There is a saying in Radnorshire about cracking hollow nuts, a reference to not all business decisions being fruitful ones.

Enterprising farmers will identify with the sentiment behind that expression since not everything in business always works out as hoped.

“In our time we have cracked a few hollow nuts,’’ admits Sharon Hammond, who farms with her sons, Stuart and Eddie, and brother-in-law, Malcolm.

But more decisions than not have borne fruit, with the Hammond family now farming 800 acres across three farms in Powys and producing beef, lamb and chicken.

Sharon had no background in farming when she met and married Michael, whose parents farmed at Neuadd Farm, near Llandrindod Wells. That was to be no barrier to the builder’s daughter from Howey.

“As soon as I came on the scene I was plonked on a tractor and since then the only tractor jobs I haven’t done on the farm is towing the forage harvester and ploughing.’’

Before Sharon and Michael married, his family bought a second farm, Upper Dollwynhir, and it was there that they brought up their children, Stuart, Laura, Eddie and Alice, Sharon combining her role as a mother with dealing with the farm paperwork.

As the business grew so did the paperwork and it culminated in Sharon quitting her job – by then she was working as a business and accounts college lecturer.

“I was 57, I was ready to leave the college and the boys needed help with the paperwork, the time was right to hand in my notice. I remember the look of relief on the boys’ faces when I told them.’’

She was also supporting Michael, who had been diagnosed with early onset dementia. He sadly died seven years ago at the age of 62.

“Stuart came out of university and quickly had to step up to the mark,’’ Sharon recalls.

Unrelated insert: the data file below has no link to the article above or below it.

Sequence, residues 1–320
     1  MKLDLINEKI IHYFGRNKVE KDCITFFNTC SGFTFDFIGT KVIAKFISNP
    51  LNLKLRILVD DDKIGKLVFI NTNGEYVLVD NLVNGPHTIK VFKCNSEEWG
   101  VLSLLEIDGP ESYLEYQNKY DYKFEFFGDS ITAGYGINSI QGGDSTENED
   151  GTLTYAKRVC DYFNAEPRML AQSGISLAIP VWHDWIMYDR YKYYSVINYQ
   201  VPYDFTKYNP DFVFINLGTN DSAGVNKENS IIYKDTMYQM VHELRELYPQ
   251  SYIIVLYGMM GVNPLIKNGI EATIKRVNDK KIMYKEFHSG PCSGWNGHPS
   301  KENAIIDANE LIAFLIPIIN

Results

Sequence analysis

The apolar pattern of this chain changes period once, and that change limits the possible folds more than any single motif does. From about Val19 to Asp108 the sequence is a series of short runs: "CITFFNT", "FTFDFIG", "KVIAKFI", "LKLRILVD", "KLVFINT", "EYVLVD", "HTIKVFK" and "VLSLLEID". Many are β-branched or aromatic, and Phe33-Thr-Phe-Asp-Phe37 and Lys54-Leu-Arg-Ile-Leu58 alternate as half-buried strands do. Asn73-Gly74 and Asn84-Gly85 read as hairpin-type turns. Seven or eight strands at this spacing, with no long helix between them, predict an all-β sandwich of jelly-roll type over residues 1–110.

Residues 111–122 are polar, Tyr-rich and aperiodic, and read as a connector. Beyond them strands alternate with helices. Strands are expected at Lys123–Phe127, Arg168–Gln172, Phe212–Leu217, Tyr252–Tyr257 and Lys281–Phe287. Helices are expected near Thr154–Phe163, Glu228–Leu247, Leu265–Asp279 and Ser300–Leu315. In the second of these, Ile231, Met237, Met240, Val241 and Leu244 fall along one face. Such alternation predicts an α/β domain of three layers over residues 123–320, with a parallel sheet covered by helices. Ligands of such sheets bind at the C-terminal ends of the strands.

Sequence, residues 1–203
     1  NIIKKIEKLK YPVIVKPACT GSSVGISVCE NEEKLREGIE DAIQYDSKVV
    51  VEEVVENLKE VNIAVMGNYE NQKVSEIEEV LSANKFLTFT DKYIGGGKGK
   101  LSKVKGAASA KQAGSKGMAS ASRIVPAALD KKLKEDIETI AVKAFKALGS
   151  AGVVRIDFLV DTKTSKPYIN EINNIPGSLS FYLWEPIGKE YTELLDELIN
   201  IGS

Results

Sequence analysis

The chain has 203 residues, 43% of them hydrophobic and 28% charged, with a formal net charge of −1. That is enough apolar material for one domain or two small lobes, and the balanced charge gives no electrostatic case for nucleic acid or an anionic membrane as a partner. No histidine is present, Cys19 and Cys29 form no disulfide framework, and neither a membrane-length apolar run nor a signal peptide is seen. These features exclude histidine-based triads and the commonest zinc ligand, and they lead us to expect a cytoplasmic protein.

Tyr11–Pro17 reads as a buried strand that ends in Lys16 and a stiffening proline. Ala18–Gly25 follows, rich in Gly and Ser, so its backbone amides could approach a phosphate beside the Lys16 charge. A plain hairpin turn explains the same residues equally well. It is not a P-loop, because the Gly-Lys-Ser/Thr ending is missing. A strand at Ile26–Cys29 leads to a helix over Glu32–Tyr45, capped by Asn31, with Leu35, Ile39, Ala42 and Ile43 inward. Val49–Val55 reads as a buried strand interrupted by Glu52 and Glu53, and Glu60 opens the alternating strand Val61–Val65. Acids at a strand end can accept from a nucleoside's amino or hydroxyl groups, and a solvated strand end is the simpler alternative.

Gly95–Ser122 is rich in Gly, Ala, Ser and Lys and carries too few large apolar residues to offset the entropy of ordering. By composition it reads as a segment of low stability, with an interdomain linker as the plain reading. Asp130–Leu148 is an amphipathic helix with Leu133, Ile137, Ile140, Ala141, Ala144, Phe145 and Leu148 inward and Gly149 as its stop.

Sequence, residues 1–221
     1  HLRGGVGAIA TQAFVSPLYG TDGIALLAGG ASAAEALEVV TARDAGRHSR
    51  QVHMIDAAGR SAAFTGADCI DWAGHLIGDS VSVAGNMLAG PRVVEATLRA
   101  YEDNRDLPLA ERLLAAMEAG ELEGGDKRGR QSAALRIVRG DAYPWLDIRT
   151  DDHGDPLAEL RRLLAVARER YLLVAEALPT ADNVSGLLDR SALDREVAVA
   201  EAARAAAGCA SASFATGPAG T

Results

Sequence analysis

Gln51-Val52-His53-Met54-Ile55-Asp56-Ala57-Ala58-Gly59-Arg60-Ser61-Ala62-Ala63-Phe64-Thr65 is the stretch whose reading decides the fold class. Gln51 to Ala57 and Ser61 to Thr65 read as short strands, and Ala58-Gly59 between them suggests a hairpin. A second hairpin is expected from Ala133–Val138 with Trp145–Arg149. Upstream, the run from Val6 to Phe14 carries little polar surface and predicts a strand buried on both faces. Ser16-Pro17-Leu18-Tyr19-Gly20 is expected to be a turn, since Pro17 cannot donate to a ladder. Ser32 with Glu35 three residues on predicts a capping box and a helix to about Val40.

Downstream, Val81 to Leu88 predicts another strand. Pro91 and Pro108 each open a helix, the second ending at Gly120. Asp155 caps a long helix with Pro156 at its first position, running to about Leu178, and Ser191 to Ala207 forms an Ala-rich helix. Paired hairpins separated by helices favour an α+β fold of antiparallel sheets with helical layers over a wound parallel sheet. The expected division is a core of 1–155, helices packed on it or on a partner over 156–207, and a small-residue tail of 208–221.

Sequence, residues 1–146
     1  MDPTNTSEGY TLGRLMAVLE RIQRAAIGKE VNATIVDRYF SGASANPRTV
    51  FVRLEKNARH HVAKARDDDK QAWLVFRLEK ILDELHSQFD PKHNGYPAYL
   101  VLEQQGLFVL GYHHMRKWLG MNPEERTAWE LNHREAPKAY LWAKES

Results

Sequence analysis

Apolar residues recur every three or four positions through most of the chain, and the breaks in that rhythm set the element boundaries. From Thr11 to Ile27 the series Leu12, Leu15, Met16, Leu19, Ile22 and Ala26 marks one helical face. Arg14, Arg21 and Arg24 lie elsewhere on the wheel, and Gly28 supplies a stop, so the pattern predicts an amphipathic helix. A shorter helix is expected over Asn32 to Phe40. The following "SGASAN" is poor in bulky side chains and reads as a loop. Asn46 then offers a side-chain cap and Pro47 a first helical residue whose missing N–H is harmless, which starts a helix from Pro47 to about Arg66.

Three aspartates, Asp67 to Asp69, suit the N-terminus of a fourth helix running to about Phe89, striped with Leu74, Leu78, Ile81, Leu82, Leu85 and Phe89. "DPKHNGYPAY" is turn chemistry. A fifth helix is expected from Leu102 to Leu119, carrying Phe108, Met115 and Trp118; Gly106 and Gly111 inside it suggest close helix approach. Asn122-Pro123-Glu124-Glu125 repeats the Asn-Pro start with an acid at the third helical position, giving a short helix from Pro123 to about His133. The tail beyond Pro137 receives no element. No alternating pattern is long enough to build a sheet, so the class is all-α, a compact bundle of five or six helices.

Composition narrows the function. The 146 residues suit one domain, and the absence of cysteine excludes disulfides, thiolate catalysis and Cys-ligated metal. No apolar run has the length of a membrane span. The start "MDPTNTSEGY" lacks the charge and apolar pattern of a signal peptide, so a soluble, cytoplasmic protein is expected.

Eddie joined the business too when he finished university, with the family also tenant farming Gaufron Farm, Howey. It was Eddie’s university placement year in New Zealand that was to lay the path for a major change in the sheep system, which until then had been run with Mule and Beulah Speckled-Faced ewes.

“Stuart visited him in New Zealand and when they came back they decided we were going to have Romneys,’’ says Sharon.

They had been convinced by the benefits of farming a breed that thrives on grass and will lamb outside without assistance. The flock now numbers 1600 ewes.

Beef is produced from a herd of 100 Aberdeen Angus suckler cows; the Hammonds also produce their own replacement heifers with 30 currently in calf to an Aberdeen Angus stock bull. A Stabiliser bull runs with the herd too.

The farm also produces broilers, on a managed margins contract with Avara.

The broiler enterprise had been Stuart’s idea.

“When he was 15 he spent a work placement on a farm that had chickens and after that he started buying Poultry World, at a time when his mates were probably reading FHM!’’ laughs Sharon.

“He was determined to have chickens.’’

The broiler enterprise was established when Edward came home from university, 40,000 in each crop initially and numbers have now increased to 120,000.

The business also diversified into the leisure industry, establishing Quackers, an indoor soft play centre at New Mead, where the Hammonds also farm.

Sharon has always taken an active role in the community – as a school governor and is the current chair of the governing body at Ysgol Calon Cymru high school.

But it is only more recently that she has become involved in campaigning activities on behalf of the farming industry in general.

“I always felt I should be fighting the corner for my own industry."

She is now the NFU Cymru county chair in Brecon and Radnorshire, using her voice to raise the profile of Welsh agriculture.

“Nothing annoys me more than injustice,’’ she admits. “When you see the misleading headlines about the damage farmers are doing, I am not prepared to sit down and shut up.’’